The fate of Tracey Washington and her son, who was not identified, called attention to a measure instituted by Mayor Gavin Newsom in July 2008 that required officials to hand to U.S. Immigration and Customs Enforcement any minor arrested for a felony and suspected of being in the country illegally.
Newsom adopted this stance after the city was accused of protecting from deportation young offenders who went on to commit other crimes. According to ICE, 167 minors have been referred to them under this policy.
Since then, the city's Board of Supervisors have voted to reverse Newsom's policy and prohibit law enforcement from turning over minors to federal authorities unless they are convicted of a felony. But the mayor has vowed not to enforce the new measure, arguing it violates state and federal law.
In this case, the boy was charged with assault, extortion and robbery -- charges that would likely be reduced if he had a chance to go before a judge, said Angela Chan, attorney with the Asian Law Caucus who was advising the family. But the teenager will not have a chance to go before a judge, said Chan.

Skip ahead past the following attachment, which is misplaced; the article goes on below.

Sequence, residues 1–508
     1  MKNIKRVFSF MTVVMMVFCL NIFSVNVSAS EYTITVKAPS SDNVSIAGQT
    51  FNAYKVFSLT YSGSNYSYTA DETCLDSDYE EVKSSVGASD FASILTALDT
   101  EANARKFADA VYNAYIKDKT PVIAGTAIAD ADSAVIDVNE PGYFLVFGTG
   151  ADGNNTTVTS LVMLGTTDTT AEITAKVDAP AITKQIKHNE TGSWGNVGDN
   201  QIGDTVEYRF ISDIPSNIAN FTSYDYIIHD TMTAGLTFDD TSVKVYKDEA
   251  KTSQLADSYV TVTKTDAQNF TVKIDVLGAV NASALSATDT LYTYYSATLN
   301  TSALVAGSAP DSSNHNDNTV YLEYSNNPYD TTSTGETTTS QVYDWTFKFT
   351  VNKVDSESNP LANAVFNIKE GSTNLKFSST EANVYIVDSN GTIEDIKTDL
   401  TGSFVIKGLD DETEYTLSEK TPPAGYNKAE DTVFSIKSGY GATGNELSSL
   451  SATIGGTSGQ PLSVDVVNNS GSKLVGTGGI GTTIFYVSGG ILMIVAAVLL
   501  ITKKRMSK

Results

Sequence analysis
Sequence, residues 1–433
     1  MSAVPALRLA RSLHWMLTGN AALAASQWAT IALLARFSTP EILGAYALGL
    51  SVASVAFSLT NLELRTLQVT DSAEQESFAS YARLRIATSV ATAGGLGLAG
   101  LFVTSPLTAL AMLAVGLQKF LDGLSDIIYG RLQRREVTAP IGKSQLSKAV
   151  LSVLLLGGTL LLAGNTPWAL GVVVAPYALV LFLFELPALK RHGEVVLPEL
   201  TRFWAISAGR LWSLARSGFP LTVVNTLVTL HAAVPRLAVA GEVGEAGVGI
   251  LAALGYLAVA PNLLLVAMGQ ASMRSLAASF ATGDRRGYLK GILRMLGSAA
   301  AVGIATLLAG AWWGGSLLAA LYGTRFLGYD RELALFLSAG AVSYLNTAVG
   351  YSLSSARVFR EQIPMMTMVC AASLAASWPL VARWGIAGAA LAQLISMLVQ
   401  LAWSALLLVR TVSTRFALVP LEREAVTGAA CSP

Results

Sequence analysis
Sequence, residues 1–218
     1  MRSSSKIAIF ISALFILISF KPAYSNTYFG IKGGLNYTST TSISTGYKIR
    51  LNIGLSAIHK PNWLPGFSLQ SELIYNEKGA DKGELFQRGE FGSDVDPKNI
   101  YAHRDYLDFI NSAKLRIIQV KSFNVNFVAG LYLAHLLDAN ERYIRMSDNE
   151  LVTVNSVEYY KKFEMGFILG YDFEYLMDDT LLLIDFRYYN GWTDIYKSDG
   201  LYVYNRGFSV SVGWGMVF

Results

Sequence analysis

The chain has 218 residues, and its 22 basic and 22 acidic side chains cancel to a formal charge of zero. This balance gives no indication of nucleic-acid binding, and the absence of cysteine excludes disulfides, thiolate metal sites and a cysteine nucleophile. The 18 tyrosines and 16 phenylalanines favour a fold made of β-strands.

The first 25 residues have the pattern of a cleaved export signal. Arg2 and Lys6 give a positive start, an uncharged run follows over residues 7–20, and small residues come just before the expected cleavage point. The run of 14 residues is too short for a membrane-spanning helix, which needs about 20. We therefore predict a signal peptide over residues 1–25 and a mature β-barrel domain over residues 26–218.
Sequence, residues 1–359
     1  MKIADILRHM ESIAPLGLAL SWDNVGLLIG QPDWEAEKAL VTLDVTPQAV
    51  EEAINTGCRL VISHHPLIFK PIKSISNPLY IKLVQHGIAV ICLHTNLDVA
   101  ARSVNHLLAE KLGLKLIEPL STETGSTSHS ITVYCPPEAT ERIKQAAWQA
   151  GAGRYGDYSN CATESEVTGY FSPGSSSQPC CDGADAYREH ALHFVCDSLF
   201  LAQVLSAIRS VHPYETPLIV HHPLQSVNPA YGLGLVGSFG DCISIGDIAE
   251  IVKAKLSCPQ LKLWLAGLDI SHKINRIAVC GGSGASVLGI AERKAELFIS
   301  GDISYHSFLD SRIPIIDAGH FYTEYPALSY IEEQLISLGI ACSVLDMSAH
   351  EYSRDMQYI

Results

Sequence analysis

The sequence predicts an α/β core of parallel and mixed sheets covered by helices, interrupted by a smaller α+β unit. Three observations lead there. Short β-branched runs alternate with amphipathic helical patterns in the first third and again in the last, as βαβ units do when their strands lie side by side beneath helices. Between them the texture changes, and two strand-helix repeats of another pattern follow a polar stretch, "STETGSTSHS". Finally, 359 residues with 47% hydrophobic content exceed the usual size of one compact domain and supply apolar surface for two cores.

The boy entered the United States under a visa waiver more than a year ago with his mother. Tracey Washington had been dating Charles Washington, an American citizen and San Francisco native.
They married in April 2009. Mother and son, unaware they had a 90-day deadline to apply for legal residency, missed their opportunity and lost their legal status.
Charles Washington, the boy's stepfather, was shocked to see the consequences of the child's action.
"It was just a case of a kid being a kid -- of my son making a bad decision," he said. "This situation is rough on the family. It's going to be rough on our son."
Charles Washington said he wasn't aware of the city's policy until the teenager was arrested and reported to ICE.
"He hasn't been convicted of anything," he said.